The brother’s attitude, characterize by anger and resentment that the father never extended such special favors to him, is contrasted and trumped by the importance of the prodigal son’s restoration. Human flourishing is to be prized, even if the recipients deserve a lesser fate. If a member of the community is lost, compromised, trapped by debt, do we value their restoration even at the expense of the taxpayer? Regardless of how they arrived at their situation, whether by just deserts or by folly, is our hope for their ability to thrive? If my neighbor is threatened by foreclosure and the government by reasonable means funds his or her home (i.e. reduces the debt to a manageable load), what is my attitude? Most American’s would most likely side with the resentment of the responsible brother. The parable poses the question of how really “Christian” a nation America is or if it can be properly said that God is on our side. To be on God’s side, according to the parable, is to celebrate human flourishing.

Redefining Moral Hazard

Moral hazard is the belief that individuals should be punished for financial risk when those risks go bad.  This is the conventional wisdom of the banks as applied to home foreclosures, even when alternate arrangements may keep people in their homes.  The hazard is to those that take risk (i.e. the debt) and punishment maintains the morality or integrity the borrower.  Often, at the event of a home eviction, the quip, “it’s nothing personal, just the market” evokes the principle of moral hazard.  However, maybe it is personal and personal at the most fundamental level, at the level that involves not only our moral relationship of man to man, but man to God.   Perhaps, what trumps moral hazard for the masses is forgiveness for the masses when powerful lenders are forgiven.  What does it mean when the big banks fail to extend the same forgiveness?  Does this double standard make moral hazard morally wrong and carries the penal warning from the parable above for those that enforce such standards?

The “Terrible Petition” is what St. Augustine called the Lord’s Prayer because it evoked the call to forgive debt. With St Augustine’s insight, is it appropriate to publicly recite the prayer when our institutions evoke moral hazard to evict families from their most sacred possession, their home? The Prayers invocation to forgive our monetary debts as we forgive others of monetary debt is a frightening proposition and a uniquely Christian vision. Do we really want to do that? Yet, it was the measure of God’s banking values in community. Perhaps it is just best to leave behind the wisdom of the ages and focus on the benign tools of monetary and fiscal policy and listen to the convention of moral hazard. Morality and money have always been strange bedfellows.


2 thoughts on “Forgiveness: The Moral Conundrum of the Economic Bailout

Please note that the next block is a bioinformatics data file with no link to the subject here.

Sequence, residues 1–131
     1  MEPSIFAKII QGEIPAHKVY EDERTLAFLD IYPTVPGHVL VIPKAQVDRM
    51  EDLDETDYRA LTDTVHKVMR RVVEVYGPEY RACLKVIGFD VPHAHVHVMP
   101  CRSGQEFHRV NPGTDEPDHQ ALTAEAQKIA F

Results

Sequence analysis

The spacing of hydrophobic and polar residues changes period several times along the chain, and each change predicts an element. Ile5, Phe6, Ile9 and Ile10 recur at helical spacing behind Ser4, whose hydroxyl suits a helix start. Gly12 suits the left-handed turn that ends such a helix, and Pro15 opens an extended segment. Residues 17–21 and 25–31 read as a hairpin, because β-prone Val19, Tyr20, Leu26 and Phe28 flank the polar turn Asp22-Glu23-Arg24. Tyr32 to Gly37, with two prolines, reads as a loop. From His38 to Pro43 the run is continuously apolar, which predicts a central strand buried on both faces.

1. Pingback: Business Ethics and Financial Morality | Stock Market News - Business & Tech News

  2. According to Mencius Analects:

    20. Mencius replied, ‘They are only men of education (i.e. monks and sages), who, without a certain livelihood, are able to maintain a fixed heart. As to the people, if they have not a certain livelihood, it follows that they will not have a fixed heart. And if they have not a fixed heart, there is nothing which they will not do, in the way of self-abandonment, of moral deflection, of depravity, and of wild license. When they thus have been involved in crime, to follow them up and punish them;– this is to entrap the people. How can such a thing as entrapping the people be done under the rule of a benevolent man?

    21. ‘Therefore an intelligent ruler will regulate the livelihood of the people, so as to make sure that, for those above them, they shall have sufficient wherewith to serve their parents, and, for those below them, sufficient wherewith to support their wives and children; that in good years they shall always be abundantly satisfied, and that in bad years they shall escape the danger of perishing. After this he may urge them, and they will proceed to what is good, for in this case the people will follow after it with ease.

    22. ‘Now, the livelihood of the people is so regulated, that, above, they have not sufficient wherewith to serve their parents, and, below, they have not sufficient wherewith to support their wives and children. Notwithstanding good years, their lives are continually embittered, and, in bad years, they do not escape perishing. In such circumstances they only try to save themselves from death, and are afraid they will not succeed. What leisure have they to cultivate propriety and righteousness?’

    23. ‘If your Majesty wishes to effect this regulation of the livelihood of the people, why not turn to that which is the essential step to it?

    24. ‘Let mulberry-trees be planted about the homesteads with their five mâu, and persons of fifty years may be clothed with silk. In keeping fowls, pigs, dogs, and swine, let not their times of breeding be neglected, and persons of seventy years may eat flesh. Let there not be taken away the time that is proper for the cultivation of the farm with its hundred mâu, and the family of eight mouths that is supported by it shall not suffer from hunger. Let careful attention be paid to educatlon in schools,– the inculcation in it especially of the filial and fraternal duties, and grey-haired men will not be seen upon the roads, carrying burdens on their backs or on their heads. It never has been that the ruler of a State where such results were seen,– the old wearing silk and eating flesh, and the black-haired people suffering neither from hunger nor cold,– did not attain to the royal dignity.’


    Thus, debt forgivness is a virtue. Predatory lending and the consumerist society has basically entrapped the people, so to expect them to pay amid hardships would be the same as a ruler enforcing laws while neglecting the welfare of the people.

    Thus, the best way would be to find a system where people will be taught to have only modest desires, which will be fulfilled by clever economic management. The extra time such prosperity yields can be used to pursue art, philosophy and religion.